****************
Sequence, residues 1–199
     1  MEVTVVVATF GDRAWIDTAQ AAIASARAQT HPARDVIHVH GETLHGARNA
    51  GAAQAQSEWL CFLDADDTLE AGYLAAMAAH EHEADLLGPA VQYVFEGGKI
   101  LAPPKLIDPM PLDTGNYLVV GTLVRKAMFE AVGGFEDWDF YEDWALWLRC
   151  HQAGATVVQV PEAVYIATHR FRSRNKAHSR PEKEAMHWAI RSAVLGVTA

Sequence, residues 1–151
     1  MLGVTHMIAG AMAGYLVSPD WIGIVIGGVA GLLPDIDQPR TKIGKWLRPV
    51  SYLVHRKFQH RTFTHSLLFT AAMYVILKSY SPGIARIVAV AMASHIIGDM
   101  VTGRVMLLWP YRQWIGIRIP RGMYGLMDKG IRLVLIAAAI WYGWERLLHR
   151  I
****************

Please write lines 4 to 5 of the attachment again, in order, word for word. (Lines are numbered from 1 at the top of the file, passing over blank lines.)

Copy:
   101  LAPPKLIDPM PLDTGNYLVV GTLVRKAMFE AVGGFEDWDF YEDWALWLRC
   151  HQAGATVVQV PEAVYIATHR FRSRNKAHSR PEKEAMHWAI RSAVLGVTA